ABA raises concerns over decision process for Barmah Forest Brumbies

ABA recently posted a Call for Action for people to complete a survey on Parks Victoria’s website in regard to the Barmah Forest Brumbies.   It was understood by ABA that no decision would be made on removing the horses until the stakeholders steering committee consultation process and final report were completed. However the stakeholders committee was informed late 2013, before their review was completed, that Parks Victoria had now made the decision to remove Barmah’s Brumbies.

ABA President Jill Pickering has written to Parks Victoria expressing concerns as well as seeking answers to a list of questions put to Parks Victoria.  The pdf files of the letter and questions can be obtained from the links below:

ABA Letter to Bill Jackson CEO Parks Victoria

ABA Questions to Parks Victoria

The text of the letter follows:

18 February 2014
Bill Jackson, Chief executive Officer,
Parks Victoria, Level 10, 535 Bourke Street,
Melbourne, Vic 3000
Dear Mr Jackson,
I spoke with you at the May-2013 stakeholders meeting held at Barmah National Park when I & Ros Reynolds represented the Victorian Brumby Association (VBA).

At that May-2013 meeting, Ros & I advised that the VBA had recently been told by a senior Parks officer that a decision had been made to remove Barmah’s Brumbies. At this meeting you and your staff told us no decision had been made and that the Barmah stakeholders meetings with Parks would continue as before, to review and make recommendations on options for Barmah Brumby management.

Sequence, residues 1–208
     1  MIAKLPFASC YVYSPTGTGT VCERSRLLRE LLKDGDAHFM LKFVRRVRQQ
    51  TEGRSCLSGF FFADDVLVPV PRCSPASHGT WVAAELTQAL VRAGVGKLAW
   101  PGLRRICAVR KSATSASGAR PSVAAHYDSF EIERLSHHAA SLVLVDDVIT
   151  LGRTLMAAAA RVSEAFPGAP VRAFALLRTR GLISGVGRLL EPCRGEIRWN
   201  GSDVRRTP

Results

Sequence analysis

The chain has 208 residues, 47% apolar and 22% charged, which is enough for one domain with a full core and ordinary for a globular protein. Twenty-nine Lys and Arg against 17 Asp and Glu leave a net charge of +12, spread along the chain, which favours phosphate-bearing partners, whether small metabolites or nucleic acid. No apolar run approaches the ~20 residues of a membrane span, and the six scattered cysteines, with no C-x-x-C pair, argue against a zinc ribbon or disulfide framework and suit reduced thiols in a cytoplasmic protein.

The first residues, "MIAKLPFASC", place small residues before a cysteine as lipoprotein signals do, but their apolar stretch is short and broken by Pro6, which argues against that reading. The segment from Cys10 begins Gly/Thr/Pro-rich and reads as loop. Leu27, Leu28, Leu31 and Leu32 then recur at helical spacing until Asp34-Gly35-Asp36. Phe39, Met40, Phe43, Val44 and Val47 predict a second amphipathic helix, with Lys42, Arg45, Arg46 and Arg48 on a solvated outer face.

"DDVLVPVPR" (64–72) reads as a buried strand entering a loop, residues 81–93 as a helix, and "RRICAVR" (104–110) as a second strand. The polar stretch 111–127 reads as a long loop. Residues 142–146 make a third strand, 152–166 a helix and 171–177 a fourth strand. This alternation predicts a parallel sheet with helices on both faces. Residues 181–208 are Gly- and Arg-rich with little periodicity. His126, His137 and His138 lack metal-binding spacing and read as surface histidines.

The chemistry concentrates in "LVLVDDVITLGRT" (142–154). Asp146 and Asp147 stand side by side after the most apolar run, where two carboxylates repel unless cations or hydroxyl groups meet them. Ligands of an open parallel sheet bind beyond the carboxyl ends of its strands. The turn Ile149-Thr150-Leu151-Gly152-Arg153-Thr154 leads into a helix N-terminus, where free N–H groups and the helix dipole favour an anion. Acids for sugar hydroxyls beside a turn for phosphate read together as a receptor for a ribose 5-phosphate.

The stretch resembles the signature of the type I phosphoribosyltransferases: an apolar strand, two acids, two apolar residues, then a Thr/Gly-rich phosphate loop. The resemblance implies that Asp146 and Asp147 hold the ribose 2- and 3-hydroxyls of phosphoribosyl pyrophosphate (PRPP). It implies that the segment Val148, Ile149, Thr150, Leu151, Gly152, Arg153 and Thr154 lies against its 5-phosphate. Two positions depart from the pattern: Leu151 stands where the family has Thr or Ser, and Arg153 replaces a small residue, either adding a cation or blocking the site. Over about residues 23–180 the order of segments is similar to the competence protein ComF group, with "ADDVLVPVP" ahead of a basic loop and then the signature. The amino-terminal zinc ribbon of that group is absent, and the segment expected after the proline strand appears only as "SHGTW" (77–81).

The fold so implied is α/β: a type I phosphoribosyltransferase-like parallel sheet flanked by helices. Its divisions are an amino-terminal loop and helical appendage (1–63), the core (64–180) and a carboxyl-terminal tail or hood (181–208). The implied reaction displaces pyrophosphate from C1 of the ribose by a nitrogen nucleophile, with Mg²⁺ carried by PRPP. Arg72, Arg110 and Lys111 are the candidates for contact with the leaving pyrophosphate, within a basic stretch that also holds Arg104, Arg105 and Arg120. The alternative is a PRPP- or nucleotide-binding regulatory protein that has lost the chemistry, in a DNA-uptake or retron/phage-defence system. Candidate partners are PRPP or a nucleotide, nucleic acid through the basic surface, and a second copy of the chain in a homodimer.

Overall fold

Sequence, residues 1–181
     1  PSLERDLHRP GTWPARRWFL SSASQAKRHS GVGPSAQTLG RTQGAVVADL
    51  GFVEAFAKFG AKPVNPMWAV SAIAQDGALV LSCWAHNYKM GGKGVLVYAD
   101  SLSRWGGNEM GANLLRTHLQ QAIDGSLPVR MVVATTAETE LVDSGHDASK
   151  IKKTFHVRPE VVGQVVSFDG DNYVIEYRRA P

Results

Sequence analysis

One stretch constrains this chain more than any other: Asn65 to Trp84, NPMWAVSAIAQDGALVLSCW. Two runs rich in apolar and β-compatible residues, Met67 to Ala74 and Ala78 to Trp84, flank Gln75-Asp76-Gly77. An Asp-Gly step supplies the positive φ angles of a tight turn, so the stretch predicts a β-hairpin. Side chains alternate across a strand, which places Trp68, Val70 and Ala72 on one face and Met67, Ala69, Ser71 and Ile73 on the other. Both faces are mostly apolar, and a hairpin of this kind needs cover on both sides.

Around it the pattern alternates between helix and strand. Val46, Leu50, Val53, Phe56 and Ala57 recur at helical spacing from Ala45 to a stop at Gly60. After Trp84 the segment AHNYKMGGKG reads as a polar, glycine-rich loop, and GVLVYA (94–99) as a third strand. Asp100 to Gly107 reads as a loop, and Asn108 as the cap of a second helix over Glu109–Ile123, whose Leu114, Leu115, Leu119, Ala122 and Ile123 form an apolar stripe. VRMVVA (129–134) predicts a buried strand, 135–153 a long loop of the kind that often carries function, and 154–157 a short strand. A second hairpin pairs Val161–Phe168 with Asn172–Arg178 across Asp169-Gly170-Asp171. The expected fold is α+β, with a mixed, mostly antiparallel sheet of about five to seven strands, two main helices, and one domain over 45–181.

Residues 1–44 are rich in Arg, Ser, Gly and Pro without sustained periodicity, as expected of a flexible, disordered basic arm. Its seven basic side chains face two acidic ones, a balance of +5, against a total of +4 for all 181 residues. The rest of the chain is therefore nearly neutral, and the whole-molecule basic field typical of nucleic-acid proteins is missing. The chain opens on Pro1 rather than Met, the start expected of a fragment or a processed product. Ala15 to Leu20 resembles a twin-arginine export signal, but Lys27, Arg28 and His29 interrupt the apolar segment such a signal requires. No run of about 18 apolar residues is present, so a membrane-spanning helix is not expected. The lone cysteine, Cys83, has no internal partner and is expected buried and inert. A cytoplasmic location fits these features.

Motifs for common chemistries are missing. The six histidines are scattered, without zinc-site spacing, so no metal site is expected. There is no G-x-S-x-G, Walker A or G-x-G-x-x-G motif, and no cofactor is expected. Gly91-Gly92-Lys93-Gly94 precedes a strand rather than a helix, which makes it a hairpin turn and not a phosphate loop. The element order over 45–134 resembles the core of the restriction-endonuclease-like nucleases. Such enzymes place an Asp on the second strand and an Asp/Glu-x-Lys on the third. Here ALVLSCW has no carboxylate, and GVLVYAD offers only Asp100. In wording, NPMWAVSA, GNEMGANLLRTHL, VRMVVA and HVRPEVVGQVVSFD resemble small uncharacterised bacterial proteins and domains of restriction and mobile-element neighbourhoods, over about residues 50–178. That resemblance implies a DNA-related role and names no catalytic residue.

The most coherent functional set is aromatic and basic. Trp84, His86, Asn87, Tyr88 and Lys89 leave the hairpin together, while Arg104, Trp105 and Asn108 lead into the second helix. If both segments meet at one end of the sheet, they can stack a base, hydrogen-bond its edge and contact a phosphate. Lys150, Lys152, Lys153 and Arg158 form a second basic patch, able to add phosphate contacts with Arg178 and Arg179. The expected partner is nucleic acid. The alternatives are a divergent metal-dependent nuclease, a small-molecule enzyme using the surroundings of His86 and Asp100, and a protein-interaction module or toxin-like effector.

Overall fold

However, at the next stakeholders meeting, Parks Victoria stated a decision had been made to remove Barmah’s Brumbies, well before the consultative meetings had concluded their review/recommendations on Brumby management.

The apparent turnaround by Parks Victoria seems at odds with the level of trust the community would expect from any meeting process. I gather the steering group’s reaction indicated shock and frustration that over 18 months’ effort working on the Parks’ community consultation had been by-passed and their commitment betrayed.

Government rightly give high priority to consulting with the community, particularly on an emotional topic such as Brumby management. Identifying a range of options requires all parties to establish a level of trust and discuss solutions “in good faith”. Brumby management is a sensitive issue for the Australian public that can quickly ignite passion, especially when a process to provide input is viewed as hijacked.

Parks’ actions on Barmah Brumby decisions gives the impression that consultation with Parks is hollow and insincere; making it harder for future community dialogue with Parks Victoria to be seen as genuine, open and reflecting ‘due process’.

I am keen to hear your response to my concerns, and if possible, assurance that future Community involvement with Parks Victoria can be based on trust; and the communities time and effort to respond be given and received ‘in good faith’.

Yours sincerely,

Jill Pickering, President, Australian Brumby Alliance Inc.
Cc Colleen




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